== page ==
Michael Duncan & Leigh Williams Have you ever caught yourself saying, "This is the long and the short of it," "As luck would have it," or "The world is my oyster"? So have I. (Well, I've never actually said, "The world is my oyster," but only because I'm not entirely convinced yet.) And do you know who we have to thank for popularizing those phrases? That clever Bill Shakespeare guy, as you'll discover when all three idioms - in their original parlance - are uttered in the Bard's comedy The Merry Wives of Windsor, the first presentation in the Riverside Theatre's annual Shakespeare Festival. If you recently caught the Prenzie Players' King Henry the Fifth and were hoping for more Falstaff for your buck - the poor guy's introduction found him lying dead on a gurney! - this is the show for you, as Shakespeare resuscitated his happily corpulent clown for this farce, which finds the character hoping to swindle two wealthy married ladies out of their cash. Consider the work a Shakespearean spin-off, much like when Abe Vigoda left Barney Miller to star in Fish. And if that reference were any more dated, Shakespeare himself could have used it. The Merry Wives of Windsor opens on June 14, and tickets to the Iowa City production are available by calling (319) 338-7672. - Mike Schulz


Air This Side of Caution

Rock Island Brewing Company

Saturday, June 16, 11 p.m.


Air This Side of Caution Here's something you rarely find on a band's MySpace page: a lukewarm review ... and by the band's lead singer, no less. In 2002, Chicago rockers Air This Side of Caution released their debut CD, The Unbearable Lightness of Being, and admitting the emotional and professional difficulties experienced by the group during that time, ATSoC vocalist JohnRaine says of their freshman effort, "We're playing to and for each other, not the listener." That's a pretty ballsy admission coming from the frontman of an up-and-coming rock outfit, but considering their 2006 follow-up, Nature Will Turn on Us - with its meditations on President Bush, the Iraq War, the environment, corporate America, and our electoral process - I'm thinking Air This Side of Caution has ballsiness in spades. The group, which has been compared to Radiohead and The Replacements, plays RIBCO on June 16, and their Web site (http://www.airthissideofcaution.com) lists a few of the musicians they've played alongside recently, including OK Go, Cypress Hill's DJ Muggs, and John Mellencamp. Wow. Young, politically minded indie rockers who freely admit their association with Mellencamp. That is ballsy. For more information on the group's Rock Island gig, visit (http://www.ribco.com). - Mike Schulz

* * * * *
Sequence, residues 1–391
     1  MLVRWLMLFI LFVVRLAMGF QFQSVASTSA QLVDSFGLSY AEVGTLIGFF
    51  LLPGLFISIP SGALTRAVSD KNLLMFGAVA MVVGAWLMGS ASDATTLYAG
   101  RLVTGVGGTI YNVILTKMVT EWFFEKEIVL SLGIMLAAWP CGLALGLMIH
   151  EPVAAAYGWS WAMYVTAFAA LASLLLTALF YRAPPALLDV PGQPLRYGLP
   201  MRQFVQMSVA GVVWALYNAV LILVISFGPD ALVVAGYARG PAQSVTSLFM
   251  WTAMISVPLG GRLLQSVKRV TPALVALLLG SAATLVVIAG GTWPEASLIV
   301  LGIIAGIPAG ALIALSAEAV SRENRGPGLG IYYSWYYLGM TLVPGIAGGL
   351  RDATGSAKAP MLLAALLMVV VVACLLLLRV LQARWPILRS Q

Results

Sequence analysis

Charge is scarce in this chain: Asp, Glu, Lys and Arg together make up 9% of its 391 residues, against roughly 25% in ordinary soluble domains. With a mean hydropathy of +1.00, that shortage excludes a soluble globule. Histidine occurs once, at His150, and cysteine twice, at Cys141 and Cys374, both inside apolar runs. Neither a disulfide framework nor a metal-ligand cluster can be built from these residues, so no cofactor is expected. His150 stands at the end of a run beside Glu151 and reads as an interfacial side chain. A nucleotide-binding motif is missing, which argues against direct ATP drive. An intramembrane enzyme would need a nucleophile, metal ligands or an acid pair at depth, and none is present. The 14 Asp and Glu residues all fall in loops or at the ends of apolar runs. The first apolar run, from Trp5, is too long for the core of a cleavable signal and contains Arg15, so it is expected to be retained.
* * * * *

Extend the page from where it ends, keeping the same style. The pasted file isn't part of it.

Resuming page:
Sturgis on the River

Downtown Davenport

Thursday, June 14, through Saturday, June 16


Sturgis on the River According to the Web site for the Sturgis on the River motorcycle rally, taking place in downtown Davenport June 14 through 16, all three days will feature appearances by something called "Big Schwag." Having just read that, most of my friends have likely thrown the Reader aside and are currently setting up camp, so let me now speak to the rest of you. Chief among highlights for this year's rally - the Midwest's largest annual gathering of motorcyclists and their bikes - is the first-ever Quad Cities appearance of the American Veterans' Vietnam Memorial Traveling Wall, a reproduction of the famed Washington, D.C., monument that extends more than 370 feet and displays 58,253 names. If its thrills you're after, the Sturgis Rally also features extreme fighting and mixed martial arts with UFC champions Tim Sylvia and Jens Pulver, the Ball of Steel Stunt Show, and thrills of a different kind with the annual Scooter Girls competition. Plus, live music will fill LeClaire Park all weekend long, with performances by more than a dozen bands, including Sugar Nipples, Mr. Whoopie, and, not to be forgotten, the Smokin' Mojo Kings. Too bad my friends are missing out on that information, huh? More on this year's rally can be found by visiting (http://sturgisontheriver.com/). - Mike Schulz